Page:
Jim White is a singer-songwriter who spent the first 10 years of his career with the weirdos at Luaka Bop, crafting nu-Americana with unique production from the likes of Morcheeba and Sade’s Andrew Hale. He more recently collaborated with Joe Henry and Aimee Mann, among others, before joining the Yep Roc label.
The music may be a little less oddball now, but the stories still stand. His latest, Where It Hits You, chronicles the dissolution of his marriage halfway through the album’s creation. Even through the heavy, White’s perspective keeps things fresh and a little slanted. LEO’s interview felt like a porchside conversation.
Jim White: I’ve lived a marginal life in many ways — under employed, poor, misguided romantically — and the characters in my songs reflect that arc. You might call them “marginalites.” When I hear (Greil Marcus’) “old weird (America)” term, it reminds me of a chapter in Richard Grant’s book “American Nomads.” He suggests that the machinations of time and circumstance have left scars in the psyche of the poor South that have led to an indelible distrust of authority. That’s part one of what I think makes the South the erratic, ecstatic region that it is, and what I find compelling in it. Desperate people are usually more “alive” than comfortable ones.
Part two is my own whackadoo theory. I got attacked when I was a kid by a demented St. Bernard dog, 200 pounds of slobbery fury. Tore a hole in my leg and would have castrated me if I had been a step slower. The owner said the dog suffered from “canine dementia” as a result of the oppressive heat and the dog’s genetic makeup for cold weather. Apparently the vet told the man cold-weather dogs frequently lose their minds in sub-tropical environments like Pensacola, where I grew up. Grant’s book returned that memory to me and made me think about the Scotch-Irish, who also were not engineered genetically for the intense heat and humidity that is the centerpiece of Southern life from March to November. So I think the heat takes an already unstable predisposition and amplifies it, expanding the amount of erratic, eccentric, often downright lunatic behavior that the South is known for.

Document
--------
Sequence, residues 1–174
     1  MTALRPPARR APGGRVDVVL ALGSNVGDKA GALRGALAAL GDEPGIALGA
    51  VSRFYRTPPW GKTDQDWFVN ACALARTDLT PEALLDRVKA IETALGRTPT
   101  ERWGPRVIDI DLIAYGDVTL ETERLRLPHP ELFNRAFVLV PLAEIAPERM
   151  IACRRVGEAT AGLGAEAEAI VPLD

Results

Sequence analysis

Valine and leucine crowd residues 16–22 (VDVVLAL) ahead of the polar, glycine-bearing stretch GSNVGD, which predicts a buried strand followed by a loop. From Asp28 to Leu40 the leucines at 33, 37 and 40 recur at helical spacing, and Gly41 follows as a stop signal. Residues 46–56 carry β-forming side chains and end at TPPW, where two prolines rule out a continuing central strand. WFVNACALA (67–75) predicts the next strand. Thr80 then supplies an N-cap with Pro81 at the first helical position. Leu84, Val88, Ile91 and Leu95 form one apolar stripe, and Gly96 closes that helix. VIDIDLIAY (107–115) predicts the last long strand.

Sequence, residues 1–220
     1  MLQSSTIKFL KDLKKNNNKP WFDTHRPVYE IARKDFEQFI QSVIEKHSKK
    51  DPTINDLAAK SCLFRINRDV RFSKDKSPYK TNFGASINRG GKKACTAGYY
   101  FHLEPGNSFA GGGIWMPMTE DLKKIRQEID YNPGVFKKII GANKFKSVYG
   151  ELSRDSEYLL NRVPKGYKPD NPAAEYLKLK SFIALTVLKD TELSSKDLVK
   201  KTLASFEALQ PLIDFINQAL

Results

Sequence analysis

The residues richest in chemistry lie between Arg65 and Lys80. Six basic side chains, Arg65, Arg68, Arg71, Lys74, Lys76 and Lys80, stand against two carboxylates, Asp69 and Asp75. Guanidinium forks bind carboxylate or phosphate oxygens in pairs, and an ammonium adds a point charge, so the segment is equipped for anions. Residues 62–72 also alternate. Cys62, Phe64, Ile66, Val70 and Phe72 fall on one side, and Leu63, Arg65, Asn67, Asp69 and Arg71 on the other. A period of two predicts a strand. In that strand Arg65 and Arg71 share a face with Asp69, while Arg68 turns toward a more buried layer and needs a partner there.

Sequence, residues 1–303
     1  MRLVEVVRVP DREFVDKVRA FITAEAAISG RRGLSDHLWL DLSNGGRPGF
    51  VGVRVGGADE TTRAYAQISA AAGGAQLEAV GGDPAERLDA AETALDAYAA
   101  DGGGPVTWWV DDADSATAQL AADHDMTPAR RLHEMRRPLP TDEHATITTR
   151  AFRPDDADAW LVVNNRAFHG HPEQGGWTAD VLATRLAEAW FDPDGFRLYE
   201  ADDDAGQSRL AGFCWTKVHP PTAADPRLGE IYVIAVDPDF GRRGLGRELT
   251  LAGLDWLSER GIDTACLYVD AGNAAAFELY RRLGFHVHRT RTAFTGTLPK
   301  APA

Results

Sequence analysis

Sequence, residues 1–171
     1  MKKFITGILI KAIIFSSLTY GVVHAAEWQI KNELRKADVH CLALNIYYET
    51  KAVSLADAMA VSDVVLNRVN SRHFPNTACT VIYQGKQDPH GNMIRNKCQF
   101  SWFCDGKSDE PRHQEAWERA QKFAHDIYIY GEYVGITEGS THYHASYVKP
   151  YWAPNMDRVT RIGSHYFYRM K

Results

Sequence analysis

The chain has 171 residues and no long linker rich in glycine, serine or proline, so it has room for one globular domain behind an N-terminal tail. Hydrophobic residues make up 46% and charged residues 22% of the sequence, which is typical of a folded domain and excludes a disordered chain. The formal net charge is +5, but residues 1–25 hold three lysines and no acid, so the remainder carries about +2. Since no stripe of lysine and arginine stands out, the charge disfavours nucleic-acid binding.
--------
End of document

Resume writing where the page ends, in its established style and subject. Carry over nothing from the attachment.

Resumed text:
LEO: How is your songwriting process different now than when you started?
JW: In some ways, it hasn’t changed much. I’m not the type who writes as he goes, penning songs in the laundromat and the grocery store, so years will pass when I don’t write a song; then, in the course of a year, I’ll sequester myself and write dozens of songs — some good, some bad. As I get older, I grow less concerned with demanding eternal originality from myself. I did that for a long time, refusing to consider using any material from discarded songs.
This last record, I found myself revisiting songs that failed for some reason or another, and in coming back to them, I saw clearly where I went wrong and how to rectify that misstep. “Sunday’s Refrain” is like that. The first verse is from a song I wrote when I was 20 years old. It never made sense back then, but now I understand what I was trying to get at.
Sometimes it takes a decade or two for an idea to shake out, and the more decades you get under your belt — and I have a few at this point — the more opportunities you’re offered to resolve previous unsolvable conundrums.
The full transcript can be read at bluecat.leoweekly.com.
Jim White with Alex Wright & the Maven Down
Friday, Oct. 26
1017 E. Broadway
$10 adv., $13 door; 9 p.m.